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Crime News

Who Is Amanda Thomashow And What Happened When She Reported Larry Nassar?

Amanda Thomashow’s story is highlighted in the new HBO documentary "At the Heart of the Gold."

By Sharon Lynn Pruitt
Amanda Thomashow

Former doctor Larry Nassar may be serving time for his many, many crimes against girls and women, but in the wake of one of the biggest scandals to ever hit higher education and the gymnastics world, questions still remain. How could Nassar’s abuse have been allowed to continue for so long, and was it ever reported before he was investigated in 2016?

Amanda Thomashow was one of many women who tried to bring Nassar to justice early on, having reported his abuse to officials at Michigan State University in 2014. Her story, in part, is told in "At the Heart of The Gold," a documentary by Erin Lee Carr airing on HBO starting May 3.

Thomashow, then a 24-year-old who routinely suffered from hip pain stemming from old cheerleading injuries, sought out Nassar’s help in March of 2014, CNN reports. She explained that she had no reason to doubt that he was a good option — her pediatrician mother knew of him and routinely recommended his services to others, and her little sister was also one of his patients. But what happened during their appointment, she would later describe as “awful.” After having her lie down on a table, he fondled her breasts and touched her vagina for an hour, she told CNN.

During that time, he also “made an off-hand comment about how my boyfriend needed to give me better massages,” Thomashow told NBC News.

Nassar did not stop, despite her pleas, until she physically pushed him off of her, she said, via CNN. He then refused to let her leave until she booked a follow-up appointment, which she never went to.

Thomashow recalled that fateful day with Nassar during an interview with Huffington Post earlier this year.

“I remembered being in his exam room, after he assaulted me, and there were all of these photos on the walls of the women who we found out later he had abused,” she said. “I just remember sitting in there with all these little girls in these photos smiling at me, and thinking, ‘If he’s abusing me, is he abusing you too?’”

She knew immediately that what Nassar had done to her was not right, she said.

"Something awful happened in that examination room ... life had taught me enough to know that what happened was wrong," Thomashow told CNN. "After a lot of internal struggle, I knew that if I did not report it, I would not be able to sleep. If I didn't say something and protect possible victims, I wouldn't be OK with that."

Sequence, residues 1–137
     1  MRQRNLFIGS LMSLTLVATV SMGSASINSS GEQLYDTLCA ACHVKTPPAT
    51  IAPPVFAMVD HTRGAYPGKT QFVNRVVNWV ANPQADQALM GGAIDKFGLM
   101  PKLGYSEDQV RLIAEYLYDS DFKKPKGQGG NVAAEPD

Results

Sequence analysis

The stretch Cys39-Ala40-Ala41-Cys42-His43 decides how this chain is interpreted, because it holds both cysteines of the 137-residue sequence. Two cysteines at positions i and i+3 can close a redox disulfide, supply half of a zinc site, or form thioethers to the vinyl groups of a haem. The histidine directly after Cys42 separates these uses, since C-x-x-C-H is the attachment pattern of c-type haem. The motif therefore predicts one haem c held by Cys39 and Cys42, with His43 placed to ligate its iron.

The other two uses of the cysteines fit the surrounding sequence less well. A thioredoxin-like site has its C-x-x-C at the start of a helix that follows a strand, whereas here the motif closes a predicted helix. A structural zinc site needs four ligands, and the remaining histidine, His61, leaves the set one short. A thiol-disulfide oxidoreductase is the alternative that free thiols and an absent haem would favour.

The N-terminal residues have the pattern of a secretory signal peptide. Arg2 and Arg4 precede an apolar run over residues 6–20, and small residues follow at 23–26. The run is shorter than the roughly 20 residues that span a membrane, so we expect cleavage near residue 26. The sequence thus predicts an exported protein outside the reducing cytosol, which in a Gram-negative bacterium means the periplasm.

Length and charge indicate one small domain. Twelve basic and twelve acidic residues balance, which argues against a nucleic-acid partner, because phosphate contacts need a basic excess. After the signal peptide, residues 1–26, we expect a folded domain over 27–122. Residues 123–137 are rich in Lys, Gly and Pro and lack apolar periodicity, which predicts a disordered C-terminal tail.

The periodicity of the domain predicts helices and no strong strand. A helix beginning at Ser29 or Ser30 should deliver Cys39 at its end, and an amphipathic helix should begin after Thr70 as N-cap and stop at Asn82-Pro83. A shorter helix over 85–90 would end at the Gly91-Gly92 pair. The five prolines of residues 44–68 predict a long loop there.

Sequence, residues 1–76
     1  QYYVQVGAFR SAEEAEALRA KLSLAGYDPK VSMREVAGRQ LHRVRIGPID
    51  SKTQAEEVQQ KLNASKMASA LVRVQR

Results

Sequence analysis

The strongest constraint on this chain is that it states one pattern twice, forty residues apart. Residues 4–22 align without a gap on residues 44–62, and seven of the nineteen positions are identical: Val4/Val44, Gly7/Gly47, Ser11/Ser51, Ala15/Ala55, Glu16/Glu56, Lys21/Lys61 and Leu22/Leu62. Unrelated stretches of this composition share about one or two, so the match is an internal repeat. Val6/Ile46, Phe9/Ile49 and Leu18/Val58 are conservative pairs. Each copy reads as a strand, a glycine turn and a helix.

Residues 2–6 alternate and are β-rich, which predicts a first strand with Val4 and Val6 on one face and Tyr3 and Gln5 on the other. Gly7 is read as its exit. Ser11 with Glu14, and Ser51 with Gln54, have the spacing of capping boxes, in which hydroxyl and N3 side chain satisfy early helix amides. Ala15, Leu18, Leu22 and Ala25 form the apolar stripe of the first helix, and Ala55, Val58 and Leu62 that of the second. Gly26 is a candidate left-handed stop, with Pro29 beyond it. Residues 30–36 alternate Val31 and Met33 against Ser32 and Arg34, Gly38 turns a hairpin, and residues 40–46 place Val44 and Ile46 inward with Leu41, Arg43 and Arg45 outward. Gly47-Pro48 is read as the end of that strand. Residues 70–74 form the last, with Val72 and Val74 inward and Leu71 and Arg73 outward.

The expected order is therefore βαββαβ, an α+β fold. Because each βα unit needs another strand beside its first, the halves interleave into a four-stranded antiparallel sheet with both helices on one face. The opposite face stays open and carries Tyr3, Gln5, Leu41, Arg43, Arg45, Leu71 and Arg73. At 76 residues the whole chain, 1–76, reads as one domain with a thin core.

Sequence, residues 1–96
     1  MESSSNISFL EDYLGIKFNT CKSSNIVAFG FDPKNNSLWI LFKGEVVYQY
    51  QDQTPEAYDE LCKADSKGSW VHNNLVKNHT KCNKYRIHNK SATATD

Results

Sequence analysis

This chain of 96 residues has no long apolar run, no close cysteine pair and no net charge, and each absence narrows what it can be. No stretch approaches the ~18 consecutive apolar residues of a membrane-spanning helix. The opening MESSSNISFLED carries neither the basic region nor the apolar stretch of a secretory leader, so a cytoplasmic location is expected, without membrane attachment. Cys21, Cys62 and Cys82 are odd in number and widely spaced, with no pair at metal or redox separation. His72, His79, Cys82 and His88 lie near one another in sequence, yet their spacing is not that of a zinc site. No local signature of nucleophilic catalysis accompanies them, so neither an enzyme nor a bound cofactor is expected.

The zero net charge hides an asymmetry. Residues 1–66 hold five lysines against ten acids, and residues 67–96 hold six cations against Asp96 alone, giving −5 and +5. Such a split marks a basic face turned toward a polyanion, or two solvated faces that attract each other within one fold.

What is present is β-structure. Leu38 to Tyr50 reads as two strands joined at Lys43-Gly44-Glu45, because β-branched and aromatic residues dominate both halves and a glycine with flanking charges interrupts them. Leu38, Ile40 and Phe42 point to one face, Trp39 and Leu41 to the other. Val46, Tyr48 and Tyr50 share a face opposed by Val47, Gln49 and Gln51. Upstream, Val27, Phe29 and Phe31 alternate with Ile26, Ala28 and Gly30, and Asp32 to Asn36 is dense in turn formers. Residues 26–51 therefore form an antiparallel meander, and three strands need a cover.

She reported her concerns to another doctor at MSU, and was then referred to Kristine Moore, assistant director of MSU’s Office of Institutional Equity, which lead to a Title IX investigation, according to CNN.

She met with Moore and an MSU detective two months later, in May, to give a statement, and she initially felt that they had understood her concerns, the outlet reports. But in July of that year, Moore called Thomashow to the school for a meeting to go over the findings of the investigation: the school had concluded that Nassar done nothing wrong, aside from his “troubling” “failure to communicate” about his methods.

“We cannot find that the conduct was of a sexual nature. Thus, it did not violate the sexual harassment policy. However, we find the claim helpful in that it allows us to examine certain practices at the MSU Sports Medicine Clinic,” the report emailed to Thomashow read, per CNN.

She felt “ashamed” and “embarrassed” after reading their report, she told the Huffington Post.

“I felt stupid and small for having reported something that I was so sure was sexual assault, and then to be told that it wasn’t ― I started to doubt myself, for years,” she said.

Unbeknownst to Thomashow at the time, Nassar received a different version of the report, effectively warning him that his “failure to adequately explain procedures such as these invasive, sensitive procedures” was a liability to the school, CNN reports. (It was a report that Thomashow did not know existed, much less got to read, until 2017.)

University police forwarded their findings to local prosecutors, but they declined to press charges against Nassar the following year, though Assistant Prosecuting Attorney Steve Kwasnik did say in an email to campus police that Nassar needed “to do a much better job of explaining what he is doing to the patient who rightfully might feel violated by his technique,” according to CNN.

Thomashow was not vindicated until 2016, when campus police told her that they would be reopening her case against Nassar, who then was facing a number of allegations and mounting backlash, NBC News reports. It was the beginning of the end for Nassar, who was ultimately sentenced to 60 years in federal prison for possession of child pornography, in addition to to a 175-year sentence in state prison for molesting multiple girls, according to NBC News.

Thomashow, who previously only spoke about Nassar’s abuse anonymously, came forward in recent years using her full name. She explained her decision to do so during an interview with the Lansing State Journal last year.

“What defines me is where I go from here and how I use my scars to help strengthen myself and other women, and not letting it be this horrible thing that just destroyed me,” she said. “Instead, it’s this horrible thing that destroyed me but I lived and I’m here to tell my story. And I’m here to lift while I climb.”

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